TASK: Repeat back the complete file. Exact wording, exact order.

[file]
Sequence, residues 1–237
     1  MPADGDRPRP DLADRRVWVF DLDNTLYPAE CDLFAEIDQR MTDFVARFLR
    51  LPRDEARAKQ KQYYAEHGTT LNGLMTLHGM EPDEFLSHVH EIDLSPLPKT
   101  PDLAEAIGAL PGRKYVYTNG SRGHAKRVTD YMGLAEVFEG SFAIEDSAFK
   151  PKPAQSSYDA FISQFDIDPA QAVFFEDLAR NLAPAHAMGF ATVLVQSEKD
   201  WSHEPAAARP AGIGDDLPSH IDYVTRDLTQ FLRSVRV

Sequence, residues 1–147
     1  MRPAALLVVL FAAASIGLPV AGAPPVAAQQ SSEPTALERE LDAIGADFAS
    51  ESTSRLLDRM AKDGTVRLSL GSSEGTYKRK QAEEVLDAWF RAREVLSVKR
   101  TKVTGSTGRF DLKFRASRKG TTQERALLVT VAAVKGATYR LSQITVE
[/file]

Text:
Sequence, residues 1–237
     1  MPADGDRPRP DLADRRVWVF DLDNTLYPAE CDLFAEIDQR MTDFVARFLR
    51  LPRDEARAKQ KQYYAEHGTT LNGLMTLHGM EPDEFLSHVH EIDLSPLPKT
   101  PDLAEAIGAL PGRKYVYTNG SRGHAKRVTD YMGLAEVFEG SFAIEDSAFK
   151  PKPAQSSYDA FISQFDIDPA QAVFFEDLAR NLAPAHAMGF ATVLVQSEKD
   201  WSHEPAAARP AGIGDDLPSH IDYVTRDLTQ FLRSVRV

Sequence, residues 1–147
     1  MRPAALLVVL FAAASIGLPV AGAPPVAAQQ SSEPTALERE LDAIGADFAS
    51  ESTSRLLDRM AKDGTVRLSL GSSEGTYKRK QAEEVLDAWF RAREVLSVKR
   101  TKVTGSTGRF DLKFRASRKG TTQERALLVT VAAVKGATYR LSQITVE